The ordinance that was adopted allows Mars Drive to be renamed to Companion Drive. As previously reported, this alteration was a request made by Red Collar Pet Food, which is located off Mars Drive (Companion Drive) in Washington Court House.

The ordinance placed on second reading, if passed, would allow an amendment to an ordinance passed last year, number 9-2019. This ordinance was in relation to appropriating expenses within the city during this year’s fiscal year, and the amendment would add supplemental appropriations for current expenses of the city. To view a document showing the original ordinance, please visit www.cityofwch.com/DocumentCenter/View/874/O9-2019.

Washington Court House City Council meetings are held on the second and fourth Wednesdays of every month. They are located in the second floor council chambers of the City Administration Building, 105 N. Main Street. Currently, attendance is being limited due to the pandemic and meetings have been moved back to the original time of 7:30 p.m. Meetings will be streamed live on the YouTube channel “City of Washington Court House, Ohio” at www.youtube.com/channel/UCRwMxUBn8XIQTjnSvFaGDgA.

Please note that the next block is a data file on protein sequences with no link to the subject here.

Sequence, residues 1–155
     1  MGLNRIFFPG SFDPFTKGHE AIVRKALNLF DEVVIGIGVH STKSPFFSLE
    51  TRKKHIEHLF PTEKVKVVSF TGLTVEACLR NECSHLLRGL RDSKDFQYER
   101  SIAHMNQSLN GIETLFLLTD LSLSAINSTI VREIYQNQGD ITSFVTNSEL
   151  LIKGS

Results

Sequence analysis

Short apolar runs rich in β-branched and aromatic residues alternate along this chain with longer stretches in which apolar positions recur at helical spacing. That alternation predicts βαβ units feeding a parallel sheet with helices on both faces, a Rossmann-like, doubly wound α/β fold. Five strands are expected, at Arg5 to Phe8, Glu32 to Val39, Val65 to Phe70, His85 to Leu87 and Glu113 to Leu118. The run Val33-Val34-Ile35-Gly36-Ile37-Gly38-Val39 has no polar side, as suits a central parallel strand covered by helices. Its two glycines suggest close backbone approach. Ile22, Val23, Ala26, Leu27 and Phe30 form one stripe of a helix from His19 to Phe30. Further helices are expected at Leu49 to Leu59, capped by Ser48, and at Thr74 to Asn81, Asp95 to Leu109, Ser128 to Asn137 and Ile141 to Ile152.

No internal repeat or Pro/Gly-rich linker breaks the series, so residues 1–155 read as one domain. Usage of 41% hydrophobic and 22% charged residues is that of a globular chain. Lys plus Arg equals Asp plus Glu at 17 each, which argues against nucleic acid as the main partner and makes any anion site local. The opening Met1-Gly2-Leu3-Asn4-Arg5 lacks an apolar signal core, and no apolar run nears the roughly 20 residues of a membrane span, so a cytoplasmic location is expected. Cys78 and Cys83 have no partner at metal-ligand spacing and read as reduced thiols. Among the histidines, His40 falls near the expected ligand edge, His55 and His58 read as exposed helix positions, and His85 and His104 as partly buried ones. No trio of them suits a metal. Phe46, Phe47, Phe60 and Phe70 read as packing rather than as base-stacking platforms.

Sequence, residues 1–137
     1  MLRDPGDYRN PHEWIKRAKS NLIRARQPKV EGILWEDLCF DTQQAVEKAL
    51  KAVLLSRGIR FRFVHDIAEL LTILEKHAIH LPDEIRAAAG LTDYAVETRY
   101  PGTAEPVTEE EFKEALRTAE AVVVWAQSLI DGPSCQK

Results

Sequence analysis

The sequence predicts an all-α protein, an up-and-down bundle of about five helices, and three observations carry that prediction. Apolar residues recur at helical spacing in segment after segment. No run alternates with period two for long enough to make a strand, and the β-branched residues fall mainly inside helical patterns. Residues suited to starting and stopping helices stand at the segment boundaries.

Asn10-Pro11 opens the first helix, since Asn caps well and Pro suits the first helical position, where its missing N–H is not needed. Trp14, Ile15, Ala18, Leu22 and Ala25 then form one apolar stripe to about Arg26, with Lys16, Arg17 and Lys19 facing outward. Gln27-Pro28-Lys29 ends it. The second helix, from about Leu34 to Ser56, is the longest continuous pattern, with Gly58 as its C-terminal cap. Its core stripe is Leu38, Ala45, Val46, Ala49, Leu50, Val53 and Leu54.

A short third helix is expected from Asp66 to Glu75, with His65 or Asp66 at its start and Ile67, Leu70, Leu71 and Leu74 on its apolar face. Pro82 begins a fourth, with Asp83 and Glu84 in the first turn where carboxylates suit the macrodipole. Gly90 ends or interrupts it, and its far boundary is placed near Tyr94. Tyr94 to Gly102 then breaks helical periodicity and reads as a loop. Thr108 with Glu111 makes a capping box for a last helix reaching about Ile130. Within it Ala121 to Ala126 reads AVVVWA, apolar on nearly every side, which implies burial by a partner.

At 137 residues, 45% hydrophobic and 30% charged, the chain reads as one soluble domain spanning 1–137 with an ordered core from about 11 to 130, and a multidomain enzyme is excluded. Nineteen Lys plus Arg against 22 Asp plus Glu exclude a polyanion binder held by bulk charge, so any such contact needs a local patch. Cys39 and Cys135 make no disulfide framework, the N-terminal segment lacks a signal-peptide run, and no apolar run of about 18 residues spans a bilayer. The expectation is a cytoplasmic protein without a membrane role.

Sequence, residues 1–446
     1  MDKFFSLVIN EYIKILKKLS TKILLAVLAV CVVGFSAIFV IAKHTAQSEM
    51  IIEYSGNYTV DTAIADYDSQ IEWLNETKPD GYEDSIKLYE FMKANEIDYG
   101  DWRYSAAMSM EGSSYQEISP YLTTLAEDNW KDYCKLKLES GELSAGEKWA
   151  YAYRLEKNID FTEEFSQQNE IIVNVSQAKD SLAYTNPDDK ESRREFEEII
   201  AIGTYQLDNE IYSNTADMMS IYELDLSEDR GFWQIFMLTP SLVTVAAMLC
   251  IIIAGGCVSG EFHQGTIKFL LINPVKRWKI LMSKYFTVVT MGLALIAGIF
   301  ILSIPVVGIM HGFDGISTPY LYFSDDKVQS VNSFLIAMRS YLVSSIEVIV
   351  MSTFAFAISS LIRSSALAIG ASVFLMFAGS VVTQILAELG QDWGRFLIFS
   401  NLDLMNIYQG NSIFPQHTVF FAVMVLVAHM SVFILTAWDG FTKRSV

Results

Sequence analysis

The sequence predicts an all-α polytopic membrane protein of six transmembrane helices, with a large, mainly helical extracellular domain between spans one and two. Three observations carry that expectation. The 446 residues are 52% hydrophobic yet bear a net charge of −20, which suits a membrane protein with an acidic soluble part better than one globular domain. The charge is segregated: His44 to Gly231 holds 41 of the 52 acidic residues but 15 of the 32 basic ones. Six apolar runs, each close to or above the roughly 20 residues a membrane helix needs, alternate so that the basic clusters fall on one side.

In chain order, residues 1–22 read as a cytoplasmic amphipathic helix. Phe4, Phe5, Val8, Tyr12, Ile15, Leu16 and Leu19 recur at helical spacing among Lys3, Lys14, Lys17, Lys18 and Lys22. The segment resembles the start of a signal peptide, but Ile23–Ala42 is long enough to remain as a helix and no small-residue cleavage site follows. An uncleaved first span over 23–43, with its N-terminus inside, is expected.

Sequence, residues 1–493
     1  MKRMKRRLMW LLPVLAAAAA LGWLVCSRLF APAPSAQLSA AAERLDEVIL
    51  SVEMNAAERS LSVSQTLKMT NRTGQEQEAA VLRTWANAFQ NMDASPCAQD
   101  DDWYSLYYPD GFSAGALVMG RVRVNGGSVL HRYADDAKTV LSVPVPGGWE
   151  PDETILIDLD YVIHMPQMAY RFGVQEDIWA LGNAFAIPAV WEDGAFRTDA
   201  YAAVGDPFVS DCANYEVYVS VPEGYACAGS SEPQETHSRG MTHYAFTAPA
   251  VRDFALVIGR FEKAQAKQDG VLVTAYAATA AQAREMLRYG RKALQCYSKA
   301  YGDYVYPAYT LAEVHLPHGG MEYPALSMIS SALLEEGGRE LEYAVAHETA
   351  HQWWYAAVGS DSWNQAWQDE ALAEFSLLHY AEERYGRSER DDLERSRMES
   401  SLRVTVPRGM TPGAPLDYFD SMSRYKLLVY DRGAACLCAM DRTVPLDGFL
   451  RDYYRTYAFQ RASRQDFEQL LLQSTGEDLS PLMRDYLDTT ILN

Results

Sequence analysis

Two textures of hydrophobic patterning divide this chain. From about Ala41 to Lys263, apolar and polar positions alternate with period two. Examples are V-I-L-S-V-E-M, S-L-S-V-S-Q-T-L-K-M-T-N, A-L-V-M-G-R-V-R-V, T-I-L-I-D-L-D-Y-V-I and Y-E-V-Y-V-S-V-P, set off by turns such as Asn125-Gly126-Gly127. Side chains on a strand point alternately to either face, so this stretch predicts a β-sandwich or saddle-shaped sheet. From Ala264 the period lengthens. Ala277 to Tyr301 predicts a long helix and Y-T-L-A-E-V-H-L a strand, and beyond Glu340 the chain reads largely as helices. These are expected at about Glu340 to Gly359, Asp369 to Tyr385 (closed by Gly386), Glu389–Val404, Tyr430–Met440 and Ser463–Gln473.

Reach Jennifer Woods at 740-313-0355 or on Twitter @JennMWoods.

Crews could be seen Wednesday morning and afternoon working on the bridge on West Temple Street in Washington C.H. behind Kroger with a large crane.
https://www.recordherald.com/wp-content/uploads/sites/27/2020/09/web1_IMG_20200909_113827048.jpgCrews could be seen Wednesday morning and afternoon working on the bridge on West Temple Street in Washington C.H. behind Kroger with a large crane. Martin Graham | Record-Herald photo
Several pieces of legislation adopted during council meeting

By Jennifer Woods

jwoods@aimmediamidwest.com